I am not a fan of green bean casserole. In fact, I am more of an anti fan. When I was little girl, I had a bad experience with green bean casserole. It’s too bad, I know, because green bean casserole seems to be all the rage these days — an up and coming staple at holiday meals.
People get all excited about the creamy casserole with its fried onions and mushrooms and whatever else, and it’s all I can do to keep from visiting the porcelain facilities, just thinking about it. I know. Perhaps I need an intervention?
It seemed for a while that I was in the clear. It seemed as if green bean casserole had taken a back seat to things like roasted brussels sprouts and baked sweet potatoes. It seemed we had graduated to a post-green bean casserole era! And then, one Thanksgiving, my mother-in-law discovered green bean casserole. I was mortified!
My mother-in-law was (as I’ve probably already mentioned too many times to count) an incredible cook! She was a down-home, no-fuss, fried chicken and collard greens cook. Her cornbread was legendary. Her sweet tea unmatched. So where, I wondered, did she develop this new fondness for green bean casserole? I was stumped, and more than a little freaked out.
Whenever someone talks about green bean casserole, I am immediately transported to a dining room table in a house with porcelain trinkets arranged on hand-crocheted doilies and placed in genteel fashion on a wooden étagère. My parents had been invited to dinner at the home of a couple who went to our church. My sister and I were invited to join them. The couple were older, and sweeter than the iced tea my mother-in-law used to serve. They were incredibly kind to our family, and the wife had gone out of her way to prepare a spectacular dinner for us. I was probably seven or eight years old.
My mother taught my sister and me to always put a little bit of everything on our plates when we were invited to dinner. I don’t know if she told us we had to clean our plates, or if that was just something I inferred. Either way, on this particular evening at the home of that lovely couple, the amazingly kind wife had whipped up a batch of green bean casserole. New to me, but onto my plate it went. And sometime after the grace and a few bites of whatever else was on the menu that evening, I had my first and only bite ever of green bean casserole.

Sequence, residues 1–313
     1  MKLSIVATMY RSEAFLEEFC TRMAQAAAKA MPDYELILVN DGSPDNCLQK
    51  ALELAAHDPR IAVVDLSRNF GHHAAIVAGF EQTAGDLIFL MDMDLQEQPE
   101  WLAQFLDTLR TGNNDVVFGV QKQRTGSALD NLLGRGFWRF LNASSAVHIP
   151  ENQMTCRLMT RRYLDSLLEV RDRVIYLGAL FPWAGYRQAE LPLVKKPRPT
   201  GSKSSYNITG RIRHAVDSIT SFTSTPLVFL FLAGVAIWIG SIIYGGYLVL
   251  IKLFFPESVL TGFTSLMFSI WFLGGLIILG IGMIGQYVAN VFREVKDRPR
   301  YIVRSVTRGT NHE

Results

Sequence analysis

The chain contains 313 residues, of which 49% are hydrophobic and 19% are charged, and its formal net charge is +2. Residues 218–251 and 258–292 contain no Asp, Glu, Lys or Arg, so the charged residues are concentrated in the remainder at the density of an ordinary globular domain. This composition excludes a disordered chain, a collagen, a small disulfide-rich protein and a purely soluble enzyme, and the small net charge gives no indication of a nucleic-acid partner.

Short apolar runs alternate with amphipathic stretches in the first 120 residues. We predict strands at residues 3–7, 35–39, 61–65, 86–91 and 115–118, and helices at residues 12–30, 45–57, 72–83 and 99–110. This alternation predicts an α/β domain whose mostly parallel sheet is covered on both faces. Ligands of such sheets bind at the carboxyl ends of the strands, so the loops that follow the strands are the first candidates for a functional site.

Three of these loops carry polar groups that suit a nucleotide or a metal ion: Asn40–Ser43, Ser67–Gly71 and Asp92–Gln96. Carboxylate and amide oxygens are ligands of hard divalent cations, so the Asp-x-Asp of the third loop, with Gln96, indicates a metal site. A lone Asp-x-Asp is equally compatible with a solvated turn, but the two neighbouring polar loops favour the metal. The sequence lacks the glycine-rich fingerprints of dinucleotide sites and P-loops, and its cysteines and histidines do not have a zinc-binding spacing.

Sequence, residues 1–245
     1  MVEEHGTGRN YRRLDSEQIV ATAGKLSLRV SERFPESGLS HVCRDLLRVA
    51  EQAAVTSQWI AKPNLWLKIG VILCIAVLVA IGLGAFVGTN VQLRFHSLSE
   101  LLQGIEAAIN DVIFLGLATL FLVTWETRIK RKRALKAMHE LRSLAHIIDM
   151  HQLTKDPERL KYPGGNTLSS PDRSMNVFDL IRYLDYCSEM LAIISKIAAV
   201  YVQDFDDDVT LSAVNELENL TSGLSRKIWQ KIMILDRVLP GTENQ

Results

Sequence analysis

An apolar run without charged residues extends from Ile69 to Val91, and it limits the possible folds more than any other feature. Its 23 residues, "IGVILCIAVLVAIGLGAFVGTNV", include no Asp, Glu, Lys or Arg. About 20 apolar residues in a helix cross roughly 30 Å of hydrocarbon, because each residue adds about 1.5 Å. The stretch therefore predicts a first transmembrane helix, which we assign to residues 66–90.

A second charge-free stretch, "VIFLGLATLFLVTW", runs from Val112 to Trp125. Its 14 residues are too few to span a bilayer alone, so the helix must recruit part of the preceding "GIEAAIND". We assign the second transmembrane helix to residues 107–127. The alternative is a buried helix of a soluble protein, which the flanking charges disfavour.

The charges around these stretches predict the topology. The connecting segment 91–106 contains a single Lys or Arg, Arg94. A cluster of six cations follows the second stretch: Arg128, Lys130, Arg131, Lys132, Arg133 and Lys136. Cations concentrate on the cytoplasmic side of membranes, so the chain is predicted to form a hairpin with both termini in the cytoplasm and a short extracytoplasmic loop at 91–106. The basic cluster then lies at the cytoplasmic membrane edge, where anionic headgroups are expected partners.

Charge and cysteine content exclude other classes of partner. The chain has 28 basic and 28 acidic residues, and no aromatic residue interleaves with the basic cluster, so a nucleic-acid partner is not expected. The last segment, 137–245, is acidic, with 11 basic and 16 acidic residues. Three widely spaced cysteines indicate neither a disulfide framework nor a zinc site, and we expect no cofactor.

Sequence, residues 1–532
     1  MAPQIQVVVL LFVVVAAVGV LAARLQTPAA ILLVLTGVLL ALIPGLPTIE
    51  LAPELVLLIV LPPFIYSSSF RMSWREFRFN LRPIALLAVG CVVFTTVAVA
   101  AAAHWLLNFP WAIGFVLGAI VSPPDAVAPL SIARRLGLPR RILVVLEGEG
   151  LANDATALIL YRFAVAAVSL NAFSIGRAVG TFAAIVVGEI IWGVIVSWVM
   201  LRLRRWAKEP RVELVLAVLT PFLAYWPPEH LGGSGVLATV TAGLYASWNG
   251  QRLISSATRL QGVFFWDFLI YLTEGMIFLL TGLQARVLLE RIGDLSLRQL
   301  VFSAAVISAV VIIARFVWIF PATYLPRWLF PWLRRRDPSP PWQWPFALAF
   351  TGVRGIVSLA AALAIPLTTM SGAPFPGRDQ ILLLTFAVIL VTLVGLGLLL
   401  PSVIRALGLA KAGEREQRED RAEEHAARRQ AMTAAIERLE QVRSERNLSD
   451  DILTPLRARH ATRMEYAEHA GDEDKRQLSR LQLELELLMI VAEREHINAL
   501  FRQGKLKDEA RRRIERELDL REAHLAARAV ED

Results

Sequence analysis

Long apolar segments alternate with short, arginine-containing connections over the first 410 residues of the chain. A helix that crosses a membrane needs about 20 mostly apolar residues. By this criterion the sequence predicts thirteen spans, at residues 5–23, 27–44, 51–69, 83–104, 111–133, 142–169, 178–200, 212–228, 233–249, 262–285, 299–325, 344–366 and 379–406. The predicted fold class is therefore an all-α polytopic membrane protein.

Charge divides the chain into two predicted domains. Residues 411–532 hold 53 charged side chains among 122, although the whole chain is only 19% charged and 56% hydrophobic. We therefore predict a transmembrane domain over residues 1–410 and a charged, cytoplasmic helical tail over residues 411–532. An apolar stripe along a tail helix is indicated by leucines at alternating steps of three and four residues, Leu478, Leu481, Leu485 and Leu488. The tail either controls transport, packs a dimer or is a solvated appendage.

My taste buds and that green bean casserole were instantly at odds. And my stomach immediately put up its defenses. The adults continued with polite conversation as I struggled with a war inside my mouth. I tried to swallow, but my throat said, “No way! That’s not going down!” I drank a glass of water and tried to swallow again. No luck. I tried to catch my mom’s eye, but she was deep in conversation, and when I looked over at my little sister, she seemed to be perfectly fine and oblivious to my inner torment.
So there I sat. A mouth full of green bean casserole, and nowhere to put it. Surely, I couldn’t spit it back onto my plate. Too rude. Too embarrassing. And if it went into my napkin, surely this kind woman would know I hated her special casserole. So, I tried again and what ensued isn’t even worth describing here. Suffice it to say, it wasn’t pretty.
I haven’t touched green bean casserole since.
If I find myself at a dinner with green bean casserole on the menu, I politely pass over that dish, leaving more for the rest of the guests to enjoy.
Over the past few weeks, I’ve had quite a few conversations about race, church, and the Body of Christ. Some have been here on my blog, and others have been over coffee, on the phone, in emails, or in FB messages. For the most part, the conversation has been meaningful, productive, and helpful. But, in one or two instances, I’ve been reminded that, for some people, having a conversation about race is like being served green bean casserole: bad memories, deep-seated aversion, scary and embarrassing situations. Not everybody wants to go there, you know? Sometimes it’s the entire conversation that tastes like green bean casserole, and other times it’s one or two elements that just won’t go down, not even with a tall glass of water or sweet tea. For other people, it’s a brand new dish they’ve never tried — some are apprehensive, and others dive right in.
I just wanted to let you know, no matter how you feel about green bean casserole, you are welcome at the table. Fill up on cornbread and collards. Drink your fill of sweet tea. Compliment the cook. Laugh late into the night. Pay attention when the green bean casserole lovers talk about how much they love that dish. Pass around your special brownies and let us savor their goodness with a hot cup of coffee. I hope you’ll stay at the table. I hope you’ll stay ’til the wax spills over from the candles and right onto the table. I hope you’ll lean back all comfy-like in your seat and let the conversation transport us all to someplace Jesus had in mind for us.
No walls to divide. No bad memories we can’t stomach. And plenty of grace to go around.